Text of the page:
I grew up in Chicago, City of Big Shoulders, where at the age of 8, I had the good fortune to have a new neighbor purchase the house next door to mine. She was called Frieda Davis. She painted in oils and oil pastels and encouraged me to draw and paint. She was my earliest  mentor. She also taught me how to apply mascara without flaking and/or smearing it. She was an excellent mentor in many, many ways and had an enormous impact on me for the ten years she lived there.

My artistic process has changed radically over the last eight years due to a brain tumor which was removed during an emergency surgery.  I was an absolute realist until I couldn't be anymore.   It took a little while to get used to the idea of painting things that didn't look "real" but  I believe I finally got there.  Prior to the brain surgery, and unbeknownst to me, I had been having "silent seizures" which allowed me to speak with Picasso, Kandinsky, and even Georgia O'Keeffe . I told no one about these conversations lest they lock me up!  I found that my favorite dead artist was Mr. Kandinsky. He was always a gentleman and always suggested exactly the right color. On the other hand, Ms. O'Keeffe was most unhelpful and rude.  Although at first blush this makes me sound crazy, I really miss those conversations. But  I can assure you that I am just the regular amount of crazy.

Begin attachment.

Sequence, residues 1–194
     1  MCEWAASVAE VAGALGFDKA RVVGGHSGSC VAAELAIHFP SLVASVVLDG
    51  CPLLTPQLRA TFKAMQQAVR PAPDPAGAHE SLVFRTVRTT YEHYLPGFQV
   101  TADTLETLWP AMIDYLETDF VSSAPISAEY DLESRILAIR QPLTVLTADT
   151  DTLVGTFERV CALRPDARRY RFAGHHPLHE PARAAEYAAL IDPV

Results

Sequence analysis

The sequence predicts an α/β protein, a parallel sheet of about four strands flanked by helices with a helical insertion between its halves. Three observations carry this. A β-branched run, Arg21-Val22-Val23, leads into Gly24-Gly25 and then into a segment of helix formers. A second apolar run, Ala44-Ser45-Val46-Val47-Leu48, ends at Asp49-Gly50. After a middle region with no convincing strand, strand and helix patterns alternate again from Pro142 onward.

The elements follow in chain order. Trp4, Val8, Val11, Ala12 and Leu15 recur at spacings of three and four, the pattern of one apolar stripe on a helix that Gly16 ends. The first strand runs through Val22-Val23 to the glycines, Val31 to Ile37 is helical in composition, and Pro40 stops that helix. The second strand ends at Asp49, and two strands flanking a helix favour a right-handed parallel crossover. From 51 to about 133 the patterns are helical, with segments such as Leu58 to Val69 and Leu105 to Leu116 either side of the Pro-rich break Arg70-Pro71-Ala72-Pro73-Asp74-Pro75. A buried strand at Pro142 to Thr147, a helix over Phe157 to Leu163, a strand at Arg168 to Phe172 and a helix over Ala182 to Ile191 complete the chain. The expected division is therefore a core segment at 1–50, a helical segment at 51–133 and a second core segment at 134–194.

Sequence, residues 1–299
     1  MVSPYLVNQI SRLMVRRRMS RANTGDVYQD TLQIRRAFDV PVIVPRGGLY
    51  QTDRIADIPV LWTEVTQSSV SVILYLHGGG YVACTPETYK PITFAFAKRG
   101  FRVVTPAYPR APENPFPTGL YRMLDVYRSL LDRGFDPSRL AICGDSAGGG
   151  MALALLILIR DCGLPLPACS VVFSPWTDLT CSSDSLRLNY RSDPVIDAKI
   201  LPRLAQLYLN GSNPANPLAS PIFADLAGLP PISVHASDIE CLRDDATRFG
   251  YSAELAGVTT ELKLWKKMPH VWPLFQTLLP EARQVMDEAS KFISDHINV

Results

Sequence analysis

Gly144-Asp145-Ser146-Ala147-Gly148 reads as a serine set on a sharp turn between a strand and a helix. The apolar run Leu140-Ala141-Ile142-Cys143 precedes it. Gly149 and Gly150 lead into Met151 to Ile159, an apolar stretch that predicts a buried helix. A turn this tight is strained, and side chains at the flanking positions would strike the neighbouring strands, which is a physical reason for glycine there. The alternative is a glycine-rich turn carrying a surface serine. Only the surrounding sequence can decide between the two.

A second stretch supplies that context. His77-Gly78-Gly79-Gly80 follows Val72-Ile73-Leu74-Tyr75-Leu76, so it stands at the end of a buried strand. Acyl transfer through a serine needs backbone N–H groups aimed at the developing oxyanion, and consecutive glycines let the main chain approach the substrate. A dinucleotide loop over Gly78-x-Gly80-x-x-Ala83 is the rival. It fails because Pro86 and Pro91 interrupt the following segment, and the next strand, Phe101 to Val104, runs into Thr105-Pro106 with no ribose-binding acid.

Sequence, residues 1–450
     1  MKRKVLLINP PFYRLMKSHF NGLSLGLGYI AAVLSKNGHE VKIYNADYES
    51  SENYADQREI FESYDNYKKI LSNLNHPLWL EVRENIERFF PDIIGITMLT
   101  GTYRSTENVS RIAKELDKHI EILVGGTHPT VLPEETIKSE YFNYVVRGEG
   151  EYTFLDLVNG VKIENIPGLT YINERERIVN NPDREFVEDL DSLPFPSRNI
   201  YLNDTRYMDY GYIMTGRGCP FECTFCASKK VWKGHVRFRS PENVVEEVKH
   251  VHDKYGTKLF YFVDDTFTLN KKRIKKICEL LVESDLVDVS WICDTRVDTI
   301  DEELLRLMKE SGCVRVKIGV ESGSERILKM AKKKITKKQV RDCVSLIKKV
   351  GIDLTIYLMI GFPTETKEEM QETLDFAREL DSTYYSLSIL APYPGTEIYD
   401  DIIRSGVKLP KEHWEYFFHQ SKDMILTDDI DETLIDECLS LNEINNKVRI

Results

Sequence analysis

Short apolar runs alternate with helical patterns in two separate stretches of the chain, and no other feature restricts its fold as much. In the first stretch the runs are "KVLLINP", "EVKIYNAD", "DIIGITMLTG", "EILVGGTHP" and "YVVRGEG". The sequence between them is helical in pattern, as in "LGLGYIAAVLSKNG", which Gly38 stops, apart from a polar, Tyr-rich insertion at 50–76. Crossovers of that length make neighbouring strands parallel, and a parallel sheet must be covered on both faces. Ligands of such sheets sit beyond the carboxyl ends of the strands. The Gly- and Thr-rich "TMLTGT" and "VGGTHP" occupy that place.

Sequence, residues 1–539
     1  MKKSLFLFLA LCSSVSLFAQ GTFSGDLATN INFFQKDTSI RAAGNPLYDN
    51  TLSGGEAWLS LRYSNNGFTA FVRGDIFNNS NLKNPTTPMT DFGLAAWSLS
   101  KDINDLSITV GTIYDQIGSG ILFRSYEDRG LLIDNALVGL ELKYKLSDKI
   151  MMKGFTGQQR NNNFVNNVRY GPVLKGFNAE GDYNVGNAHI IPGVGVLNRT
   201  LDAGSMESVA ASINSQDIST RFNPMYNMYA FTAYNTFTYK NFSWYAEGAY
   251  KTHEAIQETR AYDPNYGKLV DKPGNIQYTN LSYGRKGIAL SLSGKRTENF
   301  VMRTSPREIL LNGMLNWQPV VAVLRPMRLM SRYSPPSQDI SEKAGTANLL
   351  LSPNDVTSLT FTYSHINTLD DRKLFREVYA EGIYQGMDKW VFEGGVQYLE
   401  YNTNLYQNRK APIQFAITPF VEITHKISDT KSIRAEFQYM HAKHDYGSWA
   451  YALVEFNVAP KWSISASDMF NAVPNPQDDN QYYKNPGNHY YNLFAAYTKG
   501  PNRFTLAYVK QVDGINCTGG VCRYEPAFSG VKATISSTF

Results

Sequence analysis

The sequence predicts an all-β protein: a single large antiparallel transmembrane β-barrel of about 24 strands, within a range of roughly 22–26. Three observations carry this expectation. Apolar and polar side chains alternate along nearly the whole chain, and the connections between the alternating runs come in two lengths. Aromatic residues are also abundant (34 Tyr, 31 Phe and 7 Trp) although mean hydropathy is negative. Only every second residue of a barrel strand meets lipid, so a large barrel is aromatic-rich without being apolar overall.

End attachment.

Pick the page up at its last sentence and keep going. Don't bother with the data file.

Prior to the brain surgery I had a series of strokes all on one morning when I was supposed to be having a garage sale. All this necessarily changed the way I work. However, given the option between being alive and conversing with dead great artists, I think I made the right choice.  My husband and family concur.

Largely self-taught, I find that art is bleeding and/or laughing on the inside and covering the canvas with these feelings. I work each piece as if it were my last because it may just be. My  process is meticulous whether on pre-stretched canvas or hand-built panel. I want my art to survive me by as many years as possible. When a collector puts out a great deal of money, he should be assured and confident that the work will be a good investment and will endure.

All of what I create may not work for everyone, however,  some of what I create will always work for someone. It is difficult to cultivate a client base of collectors in Colorado. I am not Leroy Nieman, so sports, which is probably the most admired activity in our state, does not enter into my work. Although I am rather fond of painting spheres which could loosely be called balls.